British Prime Minister David Cameron Resigns after Brexit Vote

Prime Minister David Cameron

Prime Minister David Cameron decided to step down from his position after British people disregarded his request for Britain to stay in the European Union. The result of the referendum was 52-48 percent, a win for the Leave campaign.

“The British people have made the very clear decision to take a different path and as such I think the country requires fresh leadership to take it in this direction. I do not think it would be right for me to be the captain that steers our country to its next destination,” said Cameron on Friday morning.

Cameron said he already advised Queen Elizabeth about his decision to resign. He did not provide details regarding the schedule of his departure, but indicated that the country will have a new leader when the Conservative Party holds its annual conference in October.

Cameron says a new leadership is necessary

Cameron has been serving Britain as Prime Minister for six years. He took office as leader of a coalition government in 2010. He was re-elected for the second-term with a surprising majority vote during the national election in May. He is supposed to serve as Prime Minister until 2024.

According to him, “This is not a decision I’ve taken lightly but I do believe it is in the national interest to have a period of stability and then the new leadership required. I think it’s right that this new prime minister takes the decision about when to trigger Article 50 and start the formal and legal process of leaving the EU.”

“I love this country – and I feel honored to have served it.  I will do everything I can in future to help this great country succeed,” said Cameron.

EU leadership demanded Britain to activate Article 50 negotiations

The Article 50 of Treaty of the European Union (TEU) requires a Member State of the EU to notify the European Council regarding its decision to withdraw its membership. The Union will negotiate and conclude an agreement with that State and set out the arrangement for its withdrawal. The Union will also take into account its future relationship with the State during the negotiation.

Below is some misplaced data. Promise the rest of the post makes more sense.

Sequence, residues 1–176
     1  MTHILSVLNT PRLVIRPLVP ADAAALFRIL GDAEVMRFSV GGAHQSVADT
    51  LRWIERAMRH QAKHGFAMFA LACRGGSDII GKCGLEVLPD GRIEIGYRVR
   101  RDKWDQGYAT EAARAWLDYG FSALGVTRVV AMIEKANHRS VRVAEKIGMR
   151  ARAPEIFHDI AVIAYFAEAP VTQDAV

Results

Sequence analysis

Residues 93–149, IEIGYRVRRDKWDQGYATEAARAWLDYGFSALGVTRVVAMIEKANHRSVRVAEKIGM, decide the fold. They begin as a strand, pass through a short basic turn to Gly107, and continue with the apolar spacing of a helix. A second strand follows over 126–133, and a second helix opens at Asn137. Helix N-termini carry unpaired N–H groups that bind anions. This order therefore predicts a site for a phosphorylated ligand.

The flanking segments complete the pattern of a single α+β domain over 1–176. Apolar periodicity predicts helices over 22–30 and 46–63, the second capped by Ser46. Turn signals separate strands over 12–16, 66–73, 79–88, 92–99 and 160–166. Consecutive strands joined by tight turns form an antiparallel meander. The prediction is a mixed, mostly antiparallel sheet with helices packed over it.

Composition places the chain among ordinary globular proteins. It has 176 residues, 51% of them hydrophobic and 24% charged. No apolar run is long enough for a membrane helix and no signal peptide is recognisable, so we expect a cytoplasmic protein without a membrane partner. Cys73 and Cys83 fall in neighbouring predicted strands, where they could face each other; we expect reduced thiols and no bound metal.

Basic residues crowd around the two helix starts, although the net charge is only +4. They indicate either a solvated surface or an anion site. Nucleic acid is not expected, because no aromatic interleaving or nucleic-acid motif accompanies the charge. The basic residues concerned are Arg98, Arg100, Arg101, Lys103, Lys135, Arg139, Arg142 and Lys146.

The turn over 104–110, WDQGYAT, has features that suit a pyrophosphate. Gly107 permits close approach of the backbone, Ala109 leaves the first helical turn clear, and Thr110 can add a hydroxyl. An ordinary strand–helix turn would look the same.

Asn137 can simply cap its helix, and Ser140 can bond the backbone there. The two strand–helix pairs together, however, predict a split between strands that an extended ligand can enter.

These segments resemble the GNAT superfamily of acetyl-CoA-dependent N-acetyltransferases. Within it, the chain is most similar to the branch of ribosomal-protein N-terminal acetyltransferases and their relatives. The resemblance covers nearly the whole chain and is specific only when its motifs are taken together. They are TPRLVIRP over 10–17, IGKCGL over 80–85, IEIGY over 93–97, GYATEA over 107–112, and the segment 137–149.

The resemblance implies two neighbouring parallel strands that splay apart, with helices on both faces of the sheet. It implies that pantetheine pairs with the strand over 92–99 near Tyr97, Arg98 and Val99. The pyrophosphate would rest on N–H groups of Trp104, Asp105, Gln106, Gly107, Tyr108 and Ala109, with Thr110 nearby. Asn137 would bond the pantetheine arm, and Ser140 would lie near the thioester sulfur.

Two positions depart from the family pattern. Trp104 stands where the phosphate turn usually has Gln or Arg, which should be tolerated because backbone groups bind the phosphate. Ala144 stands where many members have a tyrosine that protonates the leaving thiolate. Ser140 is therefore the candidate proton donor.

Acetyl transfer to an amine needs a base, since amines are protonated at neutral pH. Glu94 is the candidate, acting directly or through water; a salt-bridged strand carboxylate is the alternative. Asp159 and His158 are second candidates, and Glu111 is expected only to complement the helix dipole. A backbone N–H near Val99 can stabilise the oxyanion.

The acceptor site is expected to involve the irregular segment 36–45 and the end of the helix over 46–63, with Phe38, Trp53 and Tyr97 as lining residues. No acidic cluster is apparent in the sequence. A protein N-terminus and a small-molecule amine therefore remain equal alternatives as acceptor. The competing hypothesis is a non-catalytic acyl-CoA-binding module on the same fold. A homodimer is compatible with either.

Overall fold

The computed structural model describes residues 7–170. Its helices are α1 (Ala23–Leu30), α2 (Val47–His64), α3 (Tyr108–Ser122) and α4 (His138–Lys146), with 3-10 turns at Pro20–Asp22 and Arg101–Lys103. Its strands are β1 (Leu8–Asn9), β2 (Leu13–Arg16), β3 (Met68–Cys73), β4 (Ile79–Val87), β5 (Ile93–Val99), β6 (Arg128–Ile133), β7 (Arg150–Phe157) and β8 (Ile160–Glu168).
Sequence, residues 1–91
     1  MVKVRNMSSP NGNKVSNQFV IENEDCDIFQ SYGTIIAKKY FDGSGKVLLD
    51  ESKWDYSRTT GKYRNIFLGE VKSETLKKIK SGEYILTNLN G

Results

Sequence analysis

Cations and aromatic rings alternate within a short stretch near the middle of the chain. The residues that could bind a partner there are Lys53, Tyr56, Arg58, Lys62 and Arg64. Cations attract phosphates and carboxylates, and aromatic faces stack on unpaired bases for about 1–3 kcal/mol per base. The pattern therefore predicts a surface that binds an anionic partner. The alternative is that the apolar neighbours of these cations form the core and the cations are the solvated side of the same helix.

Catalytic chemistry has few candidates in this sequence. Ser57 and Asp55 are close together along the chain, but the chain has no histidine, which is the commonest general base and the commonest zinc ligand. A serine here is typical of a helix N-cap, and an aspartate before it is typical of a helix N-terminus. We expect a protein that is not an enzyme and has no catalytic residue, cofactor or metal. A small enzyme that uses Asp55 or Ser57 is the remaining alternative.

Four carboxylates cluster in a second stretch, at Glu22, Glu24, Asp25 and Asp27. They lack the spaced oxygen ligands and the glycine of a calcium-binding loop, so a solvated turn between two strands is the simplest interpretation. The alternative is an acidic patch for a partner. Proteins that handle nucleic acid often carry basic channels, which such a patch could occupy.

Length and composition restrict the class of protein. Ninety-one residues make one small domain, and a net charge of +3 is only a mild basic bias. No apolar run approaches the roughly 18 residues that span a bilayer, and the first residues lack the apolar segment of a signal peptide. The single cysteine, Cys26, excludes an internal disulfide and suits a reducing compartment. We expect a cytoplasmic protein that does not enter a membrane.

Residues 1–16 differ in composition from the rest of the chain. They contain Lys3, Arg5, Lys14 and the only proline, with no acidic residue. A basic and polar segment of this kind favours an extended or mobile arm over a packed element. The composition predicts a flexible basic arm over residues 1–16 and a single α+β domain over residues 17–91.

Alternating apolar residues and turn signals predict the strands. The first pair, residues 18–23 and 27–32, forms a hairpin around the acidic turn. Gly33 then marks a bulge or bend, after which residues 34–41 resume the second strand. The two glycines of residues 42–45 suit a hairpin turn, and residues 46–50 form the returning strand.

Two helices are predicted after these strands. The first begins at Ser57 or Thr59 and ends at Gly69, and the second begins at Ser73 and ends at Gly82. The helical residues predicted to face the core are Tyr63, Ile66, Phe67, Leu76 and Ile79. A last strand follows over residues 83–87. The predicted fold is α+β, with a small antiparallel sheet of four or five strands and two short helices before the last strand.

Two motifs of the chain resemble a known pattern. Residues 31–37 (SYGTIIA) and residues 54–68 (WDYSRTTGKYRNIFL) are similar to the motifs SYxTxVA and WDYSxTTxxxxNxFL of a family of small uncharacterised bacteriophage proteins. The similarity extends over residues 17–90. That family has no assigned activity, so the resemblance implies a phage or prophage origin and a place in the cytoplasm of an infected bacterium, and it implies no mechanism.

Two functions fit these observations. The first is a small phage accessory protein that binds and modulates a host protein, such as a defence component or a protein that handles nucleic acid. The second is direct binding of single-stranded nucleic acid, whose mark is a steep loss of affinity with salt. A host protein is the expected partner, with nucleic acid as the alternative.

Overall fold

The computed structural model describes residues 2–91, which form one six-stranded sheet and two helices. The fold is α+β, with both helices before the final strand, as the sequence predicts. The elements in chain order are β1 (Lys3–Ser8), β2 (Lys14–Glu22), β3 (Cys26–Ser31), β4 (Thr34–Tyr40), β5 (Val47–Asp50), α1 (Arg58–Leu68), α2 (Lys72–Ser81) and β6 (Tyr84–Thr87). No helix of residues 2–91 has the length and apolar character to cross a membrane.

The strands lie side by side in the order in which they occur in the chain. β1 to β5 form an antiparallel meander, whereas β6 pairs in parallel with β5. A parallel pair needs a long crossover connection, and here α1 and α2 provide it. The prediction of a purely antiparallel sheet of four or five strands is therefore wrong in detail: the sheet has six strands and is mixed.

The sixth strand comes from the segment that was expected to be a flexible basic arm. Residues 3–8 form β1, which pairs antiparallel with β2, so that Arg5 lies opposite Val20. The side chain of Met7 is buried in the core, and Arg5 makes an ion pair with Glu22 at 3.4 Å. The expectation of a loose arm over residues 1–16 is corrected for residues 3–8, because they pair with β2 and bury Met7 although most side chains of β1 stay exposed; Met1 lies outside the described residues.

The EU leadership demanded the United Kingdom to activate the Article 50 negotiations “as soon as possible however painful that process may be.”

In a joint statement, the EU leadership said, “Any delay would unnecessarily prolong uncertainty. We have rules to deal with this in an orderly way. Article 50 of the Treaty on European Union sets out the procedure to be followed if a Member State decides to leave the European Union.”

“We stand ready to launch negotiations swiftly with the United Kingdom regarding the terms and conditions of its withdrawal from the European Union. Until this process of negotiations is over, the United Kingdom remains a member of the European Union, with all the rights and obligations that derive from this.”

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Marivic Cabural Summers
Marie holds a Bachelors Degree in Mass Communication. She has an extensive experience in Journalism. Marie started in the industry in high school and her forte is news and editorial writing. She previously worked as a news writer and radio program producer at Nation Broadcasting Corporation (NBC) in the Philippines. She has also experience in advertising, events management, and marketing. She was a former Young Ambassador of Goodwill to the 26th Ship for Southeast Asian Youth Program (SSEAYP). She also writes for ICANNWiki, ValueWalk, and the The Motley Fool Blog Network. You can contact Marie [email protected]